Apparel that salutes the troops

February 19, 2017 • Reprints

There is a strong movement to honor the men and women who serve in our military and a unique company is tapping into that pride and working to highlight that culture and serve those that have served us. 

Illinois-based apparel company, Grunt Style LLC, sells military-themed items and accessories like T-shirts, athletic gear and posters.

To Grunt Style, what you wear is a statement. It’s about attitude! Grunt Style has taken the American fighting spirit and instilled it in everything they do. They provide more than apparel; they instill pride. 

altCompany First Sergeant and Marine Corps veteran Tim Jensen explains: “It’s like a Bald Eagle at a baseball game eating apple pie.”

At Grunt Style, “hire a vet” isn’t merely a slogan. The company CEO, former Army drill sergeant Daniel Alarik, says that every veteran with an honorable discharge is guaranteed an interview and 50% of Grunt Style employees are veterans. 

Jensen explains that Alarik is providing an outlet for vets along with a job. “We’ve had a lot of employees that struggle with post-traumatic stress disorder, myself [included],” Jensen says. “And being with people that have those same problems and [being able to help them] helps me become a better person.”

Alarik says hiring people who have served in the military allows them to rekindle a culture of “pride in self, military and country.”
“We all talk, we all work through our problems” adds Jensen.


“Our biggest strategy this year is training  to make  better leaders—like I did as a drill sergeant,”  Alarik says. “We work to train, lead and mentor by  showing how, assessing what was done, what went wrong and how we can do better next time.” 

To meet the demand for their products sold online — averaging 150,000 units per month, more than 2.2 million units over the last three years — Grunt Style has more than 200 highly motivated veterans and patriots, who make 8,000 shirts a day within their screen-printing warehouse and ship around the world,  as far as Australia. The clothing has a patriotic theme (“Freedom Eagle”  hoodie) and provocative (“Ammo Flag”  shirt).

“We are the most effective screen-printing operations in the Midwest,” says Alarik.

Last year one of the fastest-selling items was made at the request of Dallas police. In two weeks, the company sold 24,000 shirts printed with the names of the five Dallas officers killed by a sniper. Grunt Style donated more than  $200,000 to the Dallas Fallen Officer Foundation, a portion of proceeds going to the families of fallen officers.  When Alarik saw the tragedy in Dallas he decided to donate 100% of the proceeds from their online sales of shirts.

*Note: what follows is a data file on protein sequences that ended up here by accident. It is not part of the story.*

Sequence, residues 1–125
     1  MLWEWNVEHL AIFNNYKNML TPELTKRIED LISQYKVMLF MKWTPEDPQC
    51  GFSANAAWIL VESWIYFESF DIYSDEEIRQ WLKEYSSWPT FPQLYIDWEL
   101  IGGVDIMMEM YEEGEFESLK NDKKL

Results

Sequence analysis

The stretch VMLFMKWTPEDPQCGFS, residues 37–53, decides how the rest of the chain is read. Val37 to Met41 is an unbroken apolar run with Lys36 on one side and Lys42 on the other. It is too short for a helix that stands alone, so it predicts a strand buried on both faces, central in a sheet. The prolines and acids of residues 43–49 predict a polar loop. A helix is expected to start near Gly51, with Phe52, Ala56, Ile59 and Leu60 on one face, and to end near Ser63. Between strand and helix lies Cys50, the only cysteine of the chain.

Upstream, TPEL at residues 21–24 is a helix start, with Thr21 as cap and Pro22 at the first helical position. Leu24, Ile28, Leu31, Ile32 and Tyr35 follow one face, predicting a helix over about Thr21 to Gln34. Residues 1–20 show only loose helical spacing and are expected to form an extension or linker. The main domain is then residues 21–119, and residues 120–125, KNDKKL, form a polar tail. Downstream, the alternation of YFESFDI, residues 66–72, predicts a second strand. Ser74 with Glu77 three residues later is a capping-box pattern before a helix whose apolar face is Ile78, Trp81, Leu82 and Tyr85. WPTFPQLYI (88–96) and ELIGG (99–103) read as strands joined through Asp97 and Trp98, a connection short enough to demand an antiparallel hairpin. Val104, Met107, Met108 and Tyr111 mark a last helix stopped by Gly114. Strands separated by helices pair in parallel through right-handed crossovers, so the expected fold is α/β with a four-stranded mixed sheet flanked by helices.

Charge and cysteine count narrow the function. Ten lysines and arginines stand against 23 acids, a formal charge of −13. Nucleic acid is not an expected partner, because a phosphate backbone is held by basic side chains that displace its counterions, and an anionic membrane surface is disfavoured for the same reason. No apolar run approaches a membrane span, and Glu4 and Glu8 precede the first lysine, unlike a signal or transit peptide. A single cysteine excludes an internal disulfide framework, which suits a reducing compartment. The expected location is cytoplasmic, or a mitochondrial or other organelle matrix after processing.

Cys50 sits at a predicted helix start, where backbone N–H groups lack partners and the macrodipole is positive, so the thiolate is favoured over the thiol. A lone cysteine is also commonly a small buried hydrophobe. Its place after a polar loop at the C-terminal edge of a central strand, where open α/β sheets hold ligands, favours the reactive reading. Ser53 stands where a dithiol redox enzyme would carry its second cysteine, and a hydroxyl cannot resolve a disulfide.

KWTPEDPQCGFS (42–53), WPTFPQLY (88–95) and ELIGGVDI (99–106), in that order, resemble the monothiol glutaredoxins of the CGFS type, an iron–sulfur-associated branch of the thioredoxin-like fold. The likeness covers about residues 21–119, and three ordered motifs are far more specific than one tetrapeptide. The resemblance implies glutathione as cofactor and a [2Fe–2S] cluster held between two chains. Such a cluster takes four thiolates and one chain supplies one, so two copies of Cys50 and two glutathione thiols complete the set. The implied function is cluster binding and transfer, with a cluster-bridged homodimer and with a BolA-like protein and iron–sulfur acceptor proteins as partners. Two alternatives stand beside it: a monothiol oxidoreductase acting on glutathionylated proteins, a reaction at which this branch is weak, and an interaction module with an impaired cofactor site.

Finding his way  

Manufacturing and selling apparel is not what Alarik  had in mind as a career  when he graduated high school and enlisted in the Army in 2000. 

“I wanted to do something greater than myself,” he says. “I actually had huge disdain for business. I wanted to do something bigger.”

Out of basic training right before 9/11, Daniel was deployed to Bosnia and Kosovo. By 2004, he was discharged from active duty and became a personal trainer while serving in the reserves. But Army life was Alarik’s heart and passion. He reenlisted and became a drill sergeant stationed in Fort Benning, Georgia and later served in the National Guard.

In 2009, Alarik was looking for work where he could show his pride in the military and his patriotism He literally Googled, ‘What is business?’ 

His idea was a  small online T-shirt business named  Grunt Style. It didn’t provide him a paycheck until 2012.

“I’d travel around the country selling out of the back of my car,” Alarik says. “I’d sleep in my car. I still had a military ID so I’d go to a local base, shower in the gym and then go back to work selling out of the back of my car. The first three years — it was a nightmare.”

“I had no training going into this, so I read a lot about business and realized there are more similarities with the military values I was familiar with,” he says.

In 2011, with a baby son, it was time to come back to Chicago.

It was a trip to the Army Navy Military Expo (ANME) in Las Vegas in January 2012 where Grunt Style had their first significant exposure, but financial struggles were as real as ever.

“It was a lot of hustle, I didn’t have money,” explains Alarik. He and his wife resorted to peanut butter and bread for many of their meals. 

“We made a deal: If I can bring in at least $6,000, let’s keep the doors open. If I can’t, we’re done.”

By the end of ANME, Grunt Style had $6,200 in revenue.

From printing in his basement to printing more than a hundred thousand products a month, each certified under the “Beer Guarantee.” (The Beer Guarantee means that Grunt Style stands behind their products for life and will replace that item as long as you have it.)  Alarik served his country and now lives the American Dream.


“At Grunt Style it’s our mission to deliver that pride we have, that same pride that you find in the military or hard core patriots, and delivers it to your doorstep,” says Alarik, who knows firsthand the struggle many veterans have integrating back into society. He was fired six weeks into a job he had shortly after leaving the military because he couldn’t adapt to the office culture.

You go from making life and death decisions to asking what tie should you where, he notes.” It’s almost depressing. On top of that, nobody around you can really understand.”

Alarik focuses, not just on the patriotic clothing and hats he prints, but the message he hopes to spread across the country.